Schedule Quality | Influence on Improvement | 2013-2022

Category Non-Con SOS Experience Continuity Old AdjEM
Category Non-Con SOS Experience Continuity Old AdjEM
AdjEM Chg 0.01 0.26 0.30 -0.53
A correlation of 1.0 means a perfect relationship, and -1.0 implies a negative relationship. KenPom

Yet, among the 87 coaches who took over at a high-major program in the last decade, the median change in adjusted efficiency was modest: minus-0.53. Additionally, the upper bound for improvement was 7.50 points per 100 possessions. Beyond that, you’re talking about an outlier.

In MU’s case, maxing out improvement would mean finishing with a 10.51 adjusted efficient margin, usually around 73rd in KenPom’s ratings.

Schedule Quality | Improvement | First-year Coaches | 2013-2022

Category Median Average (SD) Upper Bound Lower Bound
Category Median Average (SD) Upper Bound Lower Bound
Old AdjEm 10.68 9.80 (8.4) 18.20 1.40
New AdjEM 8.38 9.00 (8.1) 17.10 0.90
AdjEm Chg -0.54 -0.80 (8.3) 7.50 -9.10

What Gates needs more than anything else is for this refashioned roster to gel and manufacture as much continuity as it can early on. The most sensible approach is front-loading the schedule with winnable games, ones where the coaching staff might also have the latitude to tinker with the rotation. To do it, MU swapped out those mid-majors we talked about earlier and passed on gradually increasing the degree of difficulty.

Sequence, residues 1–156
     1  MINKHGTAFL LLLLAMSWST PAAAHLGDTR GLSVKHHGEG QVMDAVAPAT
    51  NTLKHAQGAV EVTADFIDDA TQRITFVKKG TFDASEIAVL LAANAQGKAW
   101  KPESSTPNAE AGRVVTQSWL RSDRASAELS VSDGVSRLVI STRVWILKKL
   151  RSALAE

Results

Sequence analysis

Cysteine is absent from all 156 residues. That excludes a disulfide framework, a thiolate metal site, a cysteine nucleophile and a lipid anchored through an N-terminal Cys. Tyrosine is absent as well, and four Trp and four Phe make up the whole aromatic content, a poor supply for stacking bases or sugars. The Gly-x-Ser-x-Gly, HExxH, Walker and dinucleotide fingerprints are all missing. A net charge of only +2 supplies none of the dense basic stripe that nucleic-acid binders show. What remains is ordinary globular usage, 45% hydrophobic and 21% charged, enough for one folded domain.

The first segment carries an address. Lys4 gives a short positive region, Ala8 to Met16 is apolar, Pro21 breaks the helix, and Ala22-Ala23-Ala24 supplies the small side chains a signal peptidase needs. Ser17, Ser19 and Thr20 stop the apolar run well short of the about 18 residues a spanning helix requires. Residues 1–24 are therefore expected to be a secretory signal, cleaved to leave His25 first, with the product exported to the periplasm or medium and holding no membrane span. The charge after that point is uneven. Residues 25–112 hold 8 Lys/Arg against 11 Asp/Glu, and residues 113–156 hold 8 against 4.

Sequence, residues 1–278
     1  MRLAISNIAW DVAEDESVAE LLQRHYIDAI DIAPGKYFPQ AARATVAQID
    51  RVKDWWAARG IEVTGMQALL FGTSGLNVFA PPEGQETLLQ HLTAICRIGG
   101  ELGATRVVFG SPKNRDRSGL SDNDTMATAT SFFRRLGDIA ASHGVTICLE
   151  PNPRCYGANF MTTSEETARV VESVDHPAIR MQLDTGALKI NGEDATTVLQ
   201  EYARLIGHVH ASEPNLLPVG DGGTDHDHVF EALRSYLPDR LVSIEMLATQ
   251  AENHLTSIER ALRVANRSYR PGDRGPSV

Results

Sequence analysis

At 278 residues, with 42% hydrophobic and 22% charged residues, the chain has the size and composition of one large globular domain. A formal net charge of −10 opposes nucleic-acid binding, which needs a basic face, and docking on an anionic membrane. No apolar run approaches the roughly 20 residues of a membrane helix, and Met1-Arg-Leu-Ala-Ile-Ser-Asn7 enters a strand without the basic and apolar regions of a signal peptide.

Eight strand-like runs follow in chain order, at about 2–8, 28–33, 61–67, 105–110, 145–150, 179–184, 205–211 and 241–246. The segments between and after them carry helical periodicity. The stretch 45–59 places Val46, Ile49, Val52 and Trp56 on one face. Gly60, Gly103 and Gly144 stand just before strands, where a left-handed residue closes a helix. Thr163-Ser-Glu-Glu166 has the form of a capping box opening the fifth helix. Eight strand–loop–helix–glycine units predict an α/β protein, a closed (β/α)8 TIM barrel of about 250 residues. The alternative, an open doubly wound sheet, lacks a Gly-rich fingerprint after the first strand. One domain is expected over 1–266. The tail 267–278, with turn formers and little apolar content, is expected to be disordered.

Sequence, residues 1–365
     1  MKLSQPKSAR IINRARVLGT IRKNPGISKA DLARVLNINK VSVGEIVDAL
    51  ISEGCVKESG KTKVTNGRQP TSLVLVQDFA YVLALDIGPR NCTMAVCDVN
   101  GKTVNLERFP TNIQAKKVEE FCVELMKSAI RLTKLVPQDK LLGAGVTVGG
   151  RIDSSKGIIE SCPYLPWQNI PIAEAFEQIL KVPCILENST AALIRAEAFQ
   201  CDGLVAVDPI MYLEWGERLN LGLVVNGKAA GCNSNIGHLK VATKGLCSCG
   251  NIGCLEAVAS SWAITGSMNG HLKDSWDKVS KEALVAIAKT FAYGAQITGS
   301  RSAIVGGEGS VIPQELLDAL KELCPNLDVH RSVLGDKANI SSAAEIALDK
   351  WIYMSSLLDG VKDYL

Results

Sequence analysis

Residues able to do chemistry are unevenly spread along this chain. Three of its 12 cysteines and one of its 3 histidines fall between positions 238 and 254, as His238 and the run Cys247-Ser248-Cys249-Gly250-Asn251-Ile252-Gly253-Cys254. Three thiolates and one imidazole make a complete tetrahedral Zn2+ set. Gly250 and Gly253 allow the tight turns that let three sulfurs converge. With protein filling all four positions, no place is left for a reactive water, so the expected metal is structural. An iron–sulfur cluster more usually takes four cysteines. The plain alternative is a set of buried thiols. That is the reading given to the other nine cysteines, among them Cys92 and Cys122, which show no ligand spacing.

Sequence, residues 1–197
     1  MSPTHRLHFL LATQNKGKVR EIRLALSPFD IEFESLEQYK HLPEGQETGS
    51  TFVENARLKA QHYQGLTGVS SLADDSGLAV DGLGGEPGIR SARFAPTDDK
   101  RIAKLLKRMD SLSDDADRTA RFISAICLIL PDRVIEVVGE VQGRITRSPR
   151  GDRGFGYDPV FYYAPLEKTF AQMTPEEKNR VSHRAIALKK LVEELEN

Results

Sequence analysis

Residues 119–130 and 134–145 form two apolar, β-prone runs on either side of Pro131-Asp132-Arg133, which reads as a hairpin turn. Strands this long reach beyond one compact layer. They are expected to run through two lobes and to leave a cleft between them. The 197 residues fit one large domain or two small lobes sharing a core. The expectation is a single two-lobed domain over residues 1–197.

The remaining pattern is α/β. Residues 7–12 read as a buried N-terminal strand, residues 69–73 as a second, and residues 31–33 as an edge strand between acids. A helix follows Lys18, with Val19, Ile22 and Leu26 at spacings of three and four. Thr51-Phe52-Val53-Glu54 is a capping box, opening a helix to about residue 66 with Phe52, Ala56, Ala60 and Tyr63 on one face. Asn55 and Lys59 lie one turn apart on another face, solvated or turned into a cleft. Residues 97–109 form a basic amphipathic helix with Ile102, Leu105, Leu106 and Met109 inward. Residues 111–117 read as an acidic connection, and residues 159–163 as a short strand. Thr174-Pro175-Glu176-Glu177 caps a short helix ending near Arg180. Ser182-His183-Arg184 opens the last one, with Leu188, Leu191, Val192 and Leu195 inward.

Is there a risk? Sure. There’s a chance MU loses to the Illini and Jayhawks while UCF and Wichita State wind up closer to Quad 3 tilts. Even if the Tigers are 11-2, there wouldn’t be a lot of substance behind that glittering record.

Still, Mizzou might have enough cohesion entering SEC play to pick off Quad 1 wins against Alabama, Arkansas, Kentucky, and LSU – all of whom visit Columbia. And Iowa State’s visit in late January might serve as another pick-up opportunity. Last season, teams who went to Dayton for the NCAA tournament’s play-in games averaged just five Quad 1 wins. This non-con schedule isn’t perfect, but combined with MU’s SEC docket, there’s enough bites at the apple to reach that tally.

Keeping expectations modest might still be prudent. Since 2012-13, just 28 first-year coaches led a high-major to the NCAA tournament. Of that group, only nine had a non-con SOS below 200th in KenPom. And just one had a worse efficiency margin than what MU posted last year: the 2021-22 Iowa State Cyclones under T.J. Otzelberger.

Yet even if MU doesn’t snatch an at-large bid in Gates’ first season, you can still see the upside from his perspective. Should MU go 11-2 in non-con and finish .500 in the SEC, the Tigers would reach 20 wins and — depending on the composition of those victories — earn an NIT trip. That would hand the coaching staff modicum of momentum to sell to prospects its pursuing for the 2024 class, where its ambitions are set pretty high.

And if all goes according to plan, Gates might not have to make these kinds of schedules standard operating procedure.